After an initial strong recovery from the coronavirus sell-off, equities (globally and domestically) have made only modest progress in recent weeks, as investors have gone into wait-and-see mode on the next phase in the COVID-19 saga. It is still not clear how the global economy will play out. There are signs that the worst has passed and that fiscal and monetary policy almost everywhere is strongly supportive. However, even if COVID-19 is contained–a big if given recent experience in the U.S. and elsewhere–further progress is more likely to be gradual and possibly interrupted by new outbreaks, rather than a quick V-shaped recovery. Given the circumstances, portfolios will need to continue to hold healthy levels of downside protection, including bonds which, despite their very low yields, have been useful for capital preservation year to date. In Australia, the economy looks past the worst point (assuming the latest outbreaks, mostly in Victoria, can be brought back under control), but there will still be difficult trading conditions ahead for some time yet.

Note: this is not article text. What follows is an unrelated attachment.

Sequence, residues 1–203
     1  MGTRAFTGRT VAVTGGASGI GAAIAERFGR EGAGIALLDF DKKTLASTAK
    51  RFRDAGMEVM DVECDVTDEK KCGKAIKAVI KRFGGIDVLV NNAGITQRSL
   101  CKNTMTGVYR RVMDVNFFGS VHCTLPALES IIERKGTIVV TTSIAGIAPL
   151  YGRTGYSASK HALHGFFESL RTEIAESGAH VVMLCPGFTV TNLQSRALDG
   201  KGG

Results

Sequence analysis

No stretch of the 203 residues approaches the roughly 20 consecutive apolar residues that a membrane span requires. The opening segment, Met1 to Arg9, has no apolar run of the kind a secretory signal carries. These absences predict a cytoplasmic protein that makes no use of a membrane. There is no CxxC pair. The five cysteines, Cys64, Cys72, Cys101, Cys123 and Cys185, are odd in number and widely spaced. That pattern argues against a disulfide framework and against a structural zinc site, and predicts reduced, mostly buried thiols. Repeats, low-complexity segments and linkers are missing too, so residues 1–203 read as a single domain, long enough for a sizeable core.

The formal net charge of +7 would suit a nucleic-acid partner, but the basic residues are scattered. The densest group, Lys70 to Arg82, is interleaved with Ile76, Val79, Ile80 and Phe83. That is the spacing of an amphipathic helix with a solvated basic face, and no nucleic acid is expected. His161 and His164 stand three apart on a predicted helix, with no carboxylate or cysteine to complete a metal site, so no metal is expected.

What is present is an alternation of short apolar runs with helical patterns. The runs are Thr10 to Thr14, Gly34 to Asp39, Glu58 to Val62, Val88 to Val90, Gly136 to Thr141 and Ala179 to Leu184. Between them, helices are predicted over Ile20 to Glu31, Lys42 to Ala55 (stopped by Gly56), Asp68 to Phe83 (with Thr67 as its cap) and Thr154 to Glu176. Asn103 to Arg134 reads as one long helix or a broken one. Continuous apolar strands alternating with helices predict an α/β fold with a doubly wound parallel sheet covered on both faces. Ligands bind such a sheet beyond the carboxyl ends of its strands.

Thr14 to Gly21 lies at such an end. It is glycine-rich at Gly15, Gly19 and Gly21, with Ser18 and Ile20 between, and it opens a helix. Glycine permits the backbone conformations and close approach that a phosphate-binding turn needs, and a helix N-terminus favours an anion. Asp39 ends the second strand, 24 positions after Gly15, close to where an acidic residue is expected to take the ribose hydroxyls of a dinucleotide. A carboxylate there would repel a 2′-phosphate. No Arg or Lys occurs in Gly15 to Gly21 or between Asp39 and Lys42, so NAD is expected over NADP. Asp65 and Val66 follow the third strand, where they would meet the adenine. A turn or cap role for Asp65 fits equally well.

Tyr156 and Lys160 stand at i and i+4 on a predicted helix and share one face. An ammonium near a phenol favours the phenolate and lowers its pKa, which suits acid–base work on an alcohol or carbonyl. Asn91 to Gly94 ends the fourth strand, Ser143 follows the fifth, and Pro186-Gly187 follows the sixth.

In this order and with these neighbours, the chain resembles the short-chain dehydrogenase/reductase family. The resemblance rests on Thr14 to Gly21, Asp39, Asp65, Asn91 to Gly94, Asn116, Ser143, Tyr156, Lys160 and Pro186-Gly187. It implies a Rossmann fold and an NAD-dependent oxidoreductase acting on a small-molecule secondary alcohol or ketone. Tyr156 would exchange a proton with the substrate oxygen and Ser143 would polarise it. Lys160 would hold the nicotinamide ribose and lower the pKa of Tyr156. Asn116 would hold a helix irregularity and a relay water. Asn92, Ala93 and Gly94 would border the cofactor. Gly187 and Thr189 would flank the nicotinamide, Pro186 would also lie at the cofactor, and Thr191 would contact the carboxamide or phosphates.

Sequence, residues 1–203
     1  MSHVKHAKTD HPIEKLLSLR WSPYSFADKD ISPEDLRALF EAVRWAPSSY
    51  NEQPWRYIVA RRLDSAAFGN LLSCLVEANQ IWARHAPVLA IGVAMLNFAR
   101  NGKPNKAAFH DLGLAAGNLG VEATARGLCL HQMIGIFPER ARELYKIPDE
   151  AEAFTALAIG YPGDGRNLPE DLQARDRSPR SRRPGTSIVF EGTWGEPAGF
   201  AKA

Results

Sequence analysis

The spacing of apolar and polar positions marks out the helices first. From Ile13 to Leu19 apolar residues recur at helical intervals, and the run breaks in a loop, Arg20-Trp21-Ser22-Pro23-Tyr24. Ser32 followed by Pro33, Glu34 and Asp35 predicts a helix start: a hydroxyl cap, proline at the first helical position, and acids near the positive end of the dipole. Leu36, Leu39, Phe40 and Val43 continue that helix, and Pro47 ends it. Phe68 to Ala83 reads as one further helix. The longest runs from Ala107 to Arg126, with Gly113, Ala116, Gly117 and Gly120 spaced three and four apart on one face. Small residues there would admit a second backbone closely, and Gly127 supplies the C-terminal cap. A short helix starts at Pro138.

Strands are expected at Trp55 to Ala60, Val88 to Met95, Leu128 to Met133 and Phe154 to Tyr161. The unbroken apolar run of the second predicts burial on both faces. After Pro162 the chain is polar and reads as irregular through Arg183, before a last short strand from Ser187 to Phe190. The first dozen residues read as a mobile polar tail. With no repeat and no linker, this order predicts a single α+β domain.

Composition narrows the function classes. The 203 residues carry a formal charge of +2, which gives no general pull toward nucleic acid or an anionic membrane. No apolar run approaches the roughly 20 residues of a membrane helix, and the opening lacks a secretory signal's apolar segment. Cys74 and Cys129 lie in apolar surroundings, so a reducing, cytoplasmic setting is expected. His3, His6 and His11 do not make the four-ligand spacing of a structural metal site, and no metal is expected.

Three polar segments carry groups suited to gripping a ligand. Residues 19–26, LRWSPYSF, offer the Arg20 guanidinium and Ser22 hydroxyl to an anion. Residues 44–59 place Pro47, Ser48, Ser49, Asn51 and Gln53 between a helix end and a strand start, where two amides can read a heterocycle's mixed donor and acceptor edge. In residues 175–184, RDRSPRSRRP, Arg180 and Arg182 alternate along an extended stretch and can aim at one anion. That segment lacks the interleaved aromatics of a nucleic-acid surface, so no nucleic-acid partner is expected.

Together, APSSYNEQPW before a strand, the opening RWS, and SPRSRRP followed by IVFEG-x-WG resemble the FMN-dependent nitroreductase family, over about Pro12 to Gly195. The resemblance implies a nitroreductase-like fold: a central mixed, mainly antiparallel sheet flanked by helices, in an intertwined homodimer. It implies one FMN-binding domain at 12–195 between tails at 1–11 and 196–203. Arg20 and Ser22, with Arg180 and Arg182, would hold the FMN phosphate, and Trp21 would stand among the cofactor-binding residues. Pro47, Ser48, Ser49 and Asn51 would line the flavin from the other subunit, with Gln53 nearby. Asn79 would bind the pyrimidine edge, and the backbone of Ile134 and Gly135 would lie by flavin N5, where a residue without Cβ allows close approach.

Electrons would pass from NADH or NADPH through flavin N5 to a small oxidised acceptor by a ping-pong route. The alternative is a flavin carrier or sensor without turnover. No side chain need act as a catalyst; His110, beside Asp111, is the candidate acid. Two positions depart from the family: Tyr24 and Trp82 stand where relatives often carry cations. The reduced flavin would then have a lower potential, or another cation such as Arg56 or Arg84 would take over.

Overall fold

Australian Cash & Fixed Interest
There is a very high likelihood that the Reserve Bank will keep the target cash rate at 0.25% for a considerable time, probably well into 2022. Returns from bank deposits will remain very low, as will bond yields. The RBA has said it is open to further monetary easing, which is understandable given its weak economy and lower-than-ideal inflation. In its latest (July 7) policy decision it said that it “is prepared to scale-up its bond purchases again and will do whatever is necessary to ensure bond markets remain functional and to achieve the yield target for 3-year AGS [Australian Government Securities],” which would cement in low-bond yields for longer.